Send Us Your Best, Your Freshest Picks!
Submissions for the Fall 2022 issue of The Dribble Drabble Review are open. This carefully curated, biannual (Spring and Fall), online literary e-zine is staking its claim among venues for all things little-ature. A solid group of international writers continue to respond proving a worldwide response to our ongoing call for exceptional quality short-form compositions. Note: TDDR is open themed, so let those imaginations blossom.
Dribbles should be written at exactly 50 words with Drabbles written at exactly 100 words (not including titles). Send your original, unpublished entries to the editor via the contact tab provided; send up to five entries in each category, formatted as you like, with your name and brief bio (all in the body of your email). Your bio should not exceed approx. 50 words, please. Submit prose, poetry, or prose poetry for that matter! Deadline: midnight, CST, on August 15, 2022. Regrettably, only accepted submissions will be notified within 60 days of delivery due to the sheer number of entries. Too, entrants agree that submission in and of itself will serve as an author's permission to publish (with first electronic and non-exclusive archival rights) as well as the right to publish in future print anthologies.
Simultaneous entries are permissible, but notify us if your piece is selected elsewhere in order to pull it from our pool of prospects. Rights revert back to the author upon production of the next sequential edition of TDDR. Too, we do require, in regard to reprints, that TDDR be indicated as your piece's original publisher.
We will do our best to accommodate special formatting, while we also reserve the right to edit upon need. Note: in forms as short as these, we do encourage active / present tense, but it is not a mandate.
Please abstain from sending any erotica, politically infused or discriminatory / hate-related themes.
This is a non-monetary opportunity; but, there is also no cost to submit. Compensation will consist of supporting our writers with quality presentations of their work, a strong artistic community, and individual promotion.
10 Things I Think I Know About Flash Fiction by Guy Hogan
Flash fiction has been good to me. It won me a K. LeRoy Irvis Fellowship that not only paid for my MFA in fiction writing, but also gave me a generous monthly stipend and free medical for three years. I'm pretty proud of this accomplishment, especially since I was in my late fifties when I got my MFA from the University of Pittsburgh in 2006. I had to teach a class of fiction writing to undergrads during my second and third years at Pitt. Yes, I was a teaching assistant (TA). I served in Vietnam. And along the way I've managed to get my flash fiction published in several publications, some of them paying markets. All this unseemly boasting is to establish my credentials. I know something about flash fiction. You can find my thesis, COMPRESSIONISM: THE PITTSBURGH STORIES, on Amazon in Kindle or paperback and my later work on Patreon where a lot of the content is free to the public. None of what follows is meant to be the rules of writing flash fiction. I'm just thinking out loud and maybe my ruminating will give you some aid and comfort on your own journey as a writer of flash fiction. So, what are these ten things I think I know about flash fiction?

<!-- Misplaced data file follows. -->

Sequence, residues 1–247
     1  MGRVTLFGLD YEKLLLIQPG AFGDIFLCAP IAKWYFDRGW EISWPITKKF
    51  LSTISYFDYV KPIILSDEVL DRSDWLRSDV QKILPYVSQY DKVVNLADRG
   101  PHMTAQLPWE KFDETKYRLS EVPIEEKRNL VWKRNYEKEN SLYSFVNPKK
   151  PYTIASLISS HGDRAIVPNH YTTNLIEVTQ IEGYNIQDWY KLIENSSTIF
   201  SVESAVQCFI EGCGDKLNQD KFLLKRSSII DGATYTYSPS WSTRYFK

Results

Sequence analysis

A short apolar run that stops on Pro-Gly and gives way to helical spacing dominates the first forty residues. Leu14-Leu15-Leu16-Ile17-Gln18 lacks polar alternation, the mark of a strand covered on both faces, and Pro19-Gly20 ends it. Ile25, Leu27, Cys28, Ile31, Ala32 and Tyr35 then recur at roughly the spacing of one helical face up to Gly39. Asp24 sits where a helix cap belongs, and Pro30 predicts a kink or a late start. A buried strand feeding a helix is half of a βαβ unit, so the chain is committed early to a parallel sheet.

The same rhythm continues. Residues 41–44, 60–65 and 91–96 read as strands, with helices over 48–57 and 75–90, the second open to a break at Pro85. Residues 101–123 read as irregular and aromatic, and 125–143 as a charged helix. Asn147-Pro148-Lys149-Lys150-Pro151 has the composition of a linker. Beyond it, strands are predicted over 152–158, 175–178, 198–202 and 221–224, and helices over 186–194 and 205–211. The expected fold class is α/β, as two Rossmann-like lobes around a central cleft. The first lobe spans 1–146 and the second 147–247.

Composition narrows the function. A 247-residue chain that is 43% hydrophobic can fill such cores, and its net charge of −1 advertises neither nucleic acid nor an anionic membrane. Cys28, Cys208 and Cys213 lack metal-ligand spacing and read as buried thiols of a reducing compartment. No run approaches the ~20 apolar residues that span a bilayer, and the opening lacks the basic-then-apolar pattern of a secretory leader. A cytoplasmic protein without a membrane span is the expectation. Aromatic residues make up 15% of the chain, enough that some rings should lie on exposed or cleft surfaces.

All flash fiction is made up of a significant event with closure.
The significant event can take place before the beginning of the story or during the story or after the ending of the story.
The closure can be implied.
Because so much of a flash fiction story must be implied the reader becomes part of the creative process.
Dialogue is not merely talk.
Dialogue should do three things. It should characterize the speaker. It should add to the meaning of the story and it should move the story to its resolution.
The thing that makes a flash fiction story a flash fiction story is its form. Content or genre is secondary. You can make flash fiction out of anything.
And what is the form of a flash fiction story? There's the beginning, the middle and the end. This is the form of the traditional short story. I like to put my own spin on the form of flash fiction. There's the setup, the build up and the payoff.
The flash fiction writer is someone who can write short on long subjects.
And finally, here's a quote from Ernest Hemingway my favorite author: "If a writer of prose knows enough of what he is writing about he may omit things that he knows and the reader, if the writer is writing truly enough, will have a feeling of those things as strongly as though the writer had stated them. The dignity of movement of an ice-berg is due to only one-eighth of it being above water. A writer who omits things because he does not know them only makes hollow places in his writing."
Well, that's all I have for you right now. Keep reading and writing that flash fiction. We're all in this together. I'm rooting for you.
Enjoy this 5th/Spring Issue, and submit for our Fall 2022 Issue today!
The Word on the Street
This journal is so beautiful, I am honoured to be part of it.
Valerie Pocock, Cansda
A fine issue. Full of gems. Bless your heart, your eyes, and your solid sensibilities.
Bob Thurber, USA
A very worthwhile read.
Kevin Russell, USA
OMG, I love the name and concept...
Abby Rose Manis, USA
It's a pleasure to see such a quality debut; there are so many wannabes.
John Mannone, USA
Lynn White, USA
Thanks for giving little-ature, as you cleverly put it, this wonderful platform.
Blake Kirkland, USA